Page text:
• Image Credit: Mercedes-Benz

    In addition to thrilling performance cars like the Honda Civic Type R, Mercedes-AMG GT Roadster, Audi RS3, and Ferrari GTC4Lusso T, another vehicle category found prominence at this year’s Paris Motor Show. Motivated by increasingly stringent global emissions and efficiency standards, by economies of scale that reduce material cost and weight, and by technological advances that enhance storage capacity, electric vehicles (EVs) are proliferating across brands and market segments.

    Fortunately for consumers and enthusiasts, and for the planet, this newfound burgeoning means that EVs no longer all have to look like battery-implanted versions of a familiar vehicle, like the unfortunately named Smart ForTwo ED, or like dumpy/lumpy outliers, such as the Mitsubishi i-MiEV. Liberated from the constraints of conventions like engine placement, transmission tunnels, radiator grilles, and overhangs, designers should have the wherewithal to flout tradition and create pleasing new forms.

    But do they?

    While wandering around the Paris show halls, we stopped to talk to a number of top designers about their new electric models, their design philosophies, and their unique perspectives on what is gained, or lost, in creating an electric car. 

    • Image Credit: Drew Phillips / Autoblog

    Klaus Bischoff, Head of Design, Volkswagen - VW I.D. Concept

    “Proportion is the biggest change in designing electric cars. Why have the proportions of an internal combustion engine car if there is no engine? Without the engine, we can move the wheels to the very ends of the car, move the air conditioning components into the former engine compartment, move the dashboard far forward. Then we can maximize interior space, so for example in our I.D. we have a car that is smaller than a Golf on the outside, but has the interior space of a Passat on the inside. And we have room for a giant head-up display with augmented reality, that can appear to display onto the road in front of the car through the large angled windshield.”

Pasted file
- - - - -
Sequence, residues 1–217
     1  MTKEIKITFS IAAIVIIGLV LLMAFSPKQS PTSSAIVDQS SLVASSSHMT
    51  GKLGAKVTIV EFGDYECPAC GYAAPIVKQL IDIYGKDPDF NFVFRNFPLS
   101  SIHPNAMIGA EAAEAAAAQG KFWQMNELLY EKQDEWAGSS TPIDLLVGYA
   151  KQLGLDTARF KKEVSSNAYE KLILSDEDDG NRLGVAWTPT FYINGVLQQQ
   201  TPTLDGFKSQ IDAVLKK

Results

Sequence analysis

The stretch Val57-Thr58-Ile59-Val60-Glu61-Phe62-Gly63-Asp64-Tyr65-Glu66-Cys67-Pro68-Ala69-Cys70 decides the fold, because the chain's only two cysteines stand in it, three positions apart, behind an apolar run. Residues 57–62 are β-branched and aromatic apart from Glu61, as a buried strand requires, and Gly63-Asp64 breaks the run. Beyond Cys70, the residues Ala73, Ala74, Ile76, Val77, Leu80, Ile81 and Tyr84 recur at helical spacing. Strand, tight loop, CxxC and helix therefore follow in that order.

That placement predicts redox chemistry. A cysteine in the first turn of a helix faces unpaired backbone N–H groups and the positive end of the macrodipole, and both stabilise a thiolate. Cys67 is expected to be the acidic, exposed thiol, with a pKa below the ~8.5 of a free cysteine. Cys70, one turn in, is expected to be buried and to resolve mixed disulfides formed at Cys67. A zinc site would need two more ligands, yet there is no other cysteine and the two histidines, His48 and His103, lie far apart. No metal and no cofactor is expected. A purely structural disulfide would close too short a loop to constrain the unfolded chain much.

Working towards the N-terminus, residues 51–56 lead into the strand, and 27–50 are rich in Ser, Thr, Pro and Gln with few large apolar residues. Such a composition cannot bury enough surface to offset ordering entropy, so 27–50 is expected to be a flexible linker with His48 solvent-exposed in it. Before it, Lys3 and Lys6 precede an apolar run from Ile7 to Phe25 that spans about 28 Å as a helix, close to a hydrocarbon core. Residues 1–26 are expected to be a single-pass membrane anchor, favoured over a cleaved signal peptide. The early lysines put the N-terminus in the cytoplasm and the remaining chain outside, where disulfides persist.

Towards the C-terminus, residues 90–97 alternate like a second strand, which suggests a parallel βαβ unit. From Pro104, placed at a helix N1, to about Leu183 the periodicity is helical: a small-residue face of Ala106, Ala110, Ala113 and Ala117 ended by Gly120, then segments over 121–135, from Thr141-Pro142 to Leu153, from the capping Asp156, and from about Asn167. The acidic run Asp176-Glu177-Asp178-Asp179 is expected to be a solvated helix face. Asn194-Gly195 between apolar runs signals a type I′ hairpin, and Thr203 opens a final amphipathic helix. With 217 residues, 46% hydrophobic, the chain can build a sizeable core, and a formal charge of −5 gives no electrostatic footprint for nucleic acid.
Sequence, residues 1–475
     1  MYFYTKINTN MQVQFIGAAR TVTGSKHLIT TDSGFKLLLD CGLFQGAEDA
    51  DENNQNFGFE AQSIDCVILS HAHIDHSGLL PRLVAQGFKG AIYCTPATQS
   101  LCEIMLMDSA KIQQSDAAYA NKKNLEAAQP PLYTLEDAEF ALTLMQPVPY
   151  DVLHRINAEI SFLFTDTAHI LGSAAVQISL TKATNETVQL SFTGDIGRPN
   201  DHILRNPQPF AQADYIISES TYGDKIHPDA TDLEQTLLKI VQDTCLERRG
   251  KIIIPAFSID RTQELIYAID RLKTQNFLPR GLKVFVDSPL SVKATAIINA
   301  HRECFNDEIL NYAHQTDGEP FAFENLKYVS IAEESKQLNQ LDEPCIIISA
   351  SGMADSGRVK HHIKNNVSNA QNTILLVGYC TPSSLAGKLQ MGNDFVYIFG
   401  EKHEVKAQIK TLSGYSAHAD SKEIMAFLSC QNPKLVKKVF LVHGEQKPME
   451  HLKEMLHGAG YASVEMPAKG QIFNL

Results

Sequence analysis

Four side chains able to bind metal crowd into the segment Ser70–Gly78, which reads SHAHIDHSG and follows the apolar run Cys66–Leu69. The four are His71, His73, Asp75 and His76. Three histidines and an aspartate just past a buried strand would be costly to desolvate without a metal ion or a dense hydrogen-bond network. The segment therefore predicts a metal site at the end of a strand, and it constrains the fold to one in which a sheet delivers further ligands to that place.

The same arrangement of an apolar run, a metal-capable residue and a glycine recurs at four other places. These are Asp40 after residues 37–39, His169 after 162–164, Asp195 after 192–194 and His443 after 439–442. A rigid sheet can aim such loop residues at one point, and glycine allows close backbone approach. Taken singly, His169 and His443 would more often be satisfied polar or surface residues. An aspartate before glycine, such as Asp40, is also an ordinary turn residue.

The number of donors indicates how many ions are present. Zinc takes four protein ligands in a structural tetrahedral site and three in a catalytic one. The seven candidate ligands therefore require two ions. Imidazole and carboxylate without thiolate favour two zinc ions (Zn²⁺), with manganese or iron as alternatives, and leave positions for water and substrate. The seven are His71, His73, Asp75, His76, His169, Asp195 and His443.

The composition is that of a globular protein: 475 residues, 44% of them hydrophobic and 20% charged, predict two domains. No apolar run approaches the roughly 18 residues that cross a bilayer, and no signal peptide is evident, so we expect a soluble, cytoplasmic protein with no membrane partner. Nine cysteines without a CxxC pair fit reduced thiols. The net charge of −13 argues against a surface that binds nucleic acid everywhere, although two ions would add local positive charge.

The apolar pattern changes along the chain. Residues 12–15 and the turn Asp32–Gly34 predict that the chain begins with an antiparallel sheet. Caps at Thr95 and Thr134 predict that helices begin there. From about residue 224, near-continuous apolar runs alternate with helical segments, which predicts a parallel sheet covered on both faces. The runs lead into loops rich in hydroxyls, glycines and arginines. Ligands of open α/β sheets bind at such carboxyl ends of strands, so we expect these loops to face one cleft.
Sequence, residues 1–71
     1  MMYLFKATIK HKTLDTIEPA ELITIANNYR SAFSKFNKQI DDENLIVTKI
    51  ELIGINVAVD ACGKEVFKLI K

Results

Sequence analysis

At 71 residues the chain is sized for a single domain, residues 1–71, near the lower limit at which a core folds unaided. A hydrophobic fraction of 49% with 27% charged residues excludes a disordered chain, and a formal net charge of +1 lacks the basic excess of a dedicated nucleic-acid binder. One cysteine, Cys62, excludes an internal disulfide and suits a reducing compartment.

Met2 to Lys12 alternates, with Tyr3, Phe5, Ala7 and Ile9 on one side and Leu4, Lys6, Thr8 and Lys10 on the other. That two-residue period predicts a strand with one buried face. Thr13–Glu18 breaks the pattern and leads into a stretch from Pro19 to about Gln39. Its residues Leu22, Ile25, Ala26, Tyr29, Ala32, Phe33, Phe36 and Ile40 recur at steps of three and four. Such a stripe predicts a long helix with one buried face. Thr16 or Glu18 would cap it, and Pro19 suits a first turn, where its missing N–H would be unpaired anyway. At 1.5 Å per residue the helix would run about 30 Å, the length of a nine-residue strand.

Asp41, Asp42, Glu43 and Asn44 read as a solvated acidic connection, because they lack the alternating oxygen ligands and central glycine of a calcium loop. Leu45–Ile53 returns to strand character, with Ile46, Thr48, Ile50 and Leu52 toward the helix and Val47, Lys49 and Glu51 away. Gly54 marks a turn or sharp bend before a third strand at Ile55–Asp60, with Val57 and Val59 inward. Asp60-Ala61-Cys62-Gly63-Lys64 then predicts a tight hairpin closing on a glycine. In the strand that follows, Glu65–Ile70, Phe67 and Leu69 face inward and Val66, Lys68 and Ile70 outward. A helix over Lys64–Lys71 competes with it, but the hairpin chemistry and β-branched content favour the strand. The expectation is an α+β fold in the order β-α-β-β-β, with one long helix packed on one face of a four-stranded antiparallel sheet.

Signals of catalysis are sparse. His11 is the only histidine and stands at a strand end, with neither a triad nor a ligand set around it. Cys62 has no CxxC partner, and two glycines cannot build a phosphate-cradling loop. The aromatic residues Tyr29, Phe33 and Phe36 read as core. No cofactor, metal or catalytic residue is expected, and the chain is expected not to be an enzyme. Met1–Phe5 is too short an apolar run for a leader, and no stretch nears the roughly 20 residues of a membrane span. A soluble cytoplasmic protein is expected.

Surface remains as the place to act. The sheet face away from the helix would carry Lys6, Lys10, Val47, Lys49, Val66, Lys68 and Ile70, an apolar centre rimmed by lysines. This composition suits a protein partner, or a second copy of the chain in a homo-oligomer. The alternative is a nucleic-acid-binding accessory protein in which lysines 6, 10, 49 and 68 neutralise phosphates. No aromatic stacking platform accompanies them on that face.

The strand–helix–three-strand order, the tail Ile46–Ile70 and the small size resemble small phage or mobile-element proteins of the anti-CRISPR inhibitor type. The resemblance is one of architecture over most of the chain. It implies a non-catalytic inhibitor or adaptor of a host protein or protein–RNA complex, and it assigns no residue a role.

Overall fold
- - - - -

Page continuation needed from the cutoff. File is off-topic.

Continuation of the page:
“What do we lose? Maybe we lose the sound of an engine, but we gain back in time and relaxation. It’s a revolutionary change when the industry is disrupted, when someone comes up with a product that is better and answers questions no one knew to ask. I think people are more than ready for this, but we need to deliver something that is fascinating, that is fun, that eliminates some of the pain points associated with driving today.”

    • Image Credit: Drew Phillips / Autoblog

    Gorden Wagener, Director of Design, Mercedes-Benz – Generation EQ Concept

    “With our F 015 concept of a couple years back, we showed how things could eventually be fifteen years in the future. But it is important to start with something more familiar, yet something that appeals not just to the rational side of the brain, but to the emotional side as well. With this concept, we’ve created a very clean, purposeful, seamless design with an aerodynamic silhouette, but it maintains the typical Mercedes proportions, based on our typical rear-wheel-drive architecture. This is what the brand is about.”

    “The downside is that the battery pack adds around six inches of height, which is why SUV proportions look better. You have to camouflage that volume somehow. Also, we can’t really call it a gas pedal anymore. That is why we have the big plus and minus signs etched on the pedals here. It’s an electron pedal.”

    • Image Credit: Drew Phillips / Autoblog

    Yann Jarsalle, Designer, Renault – Trezor Concept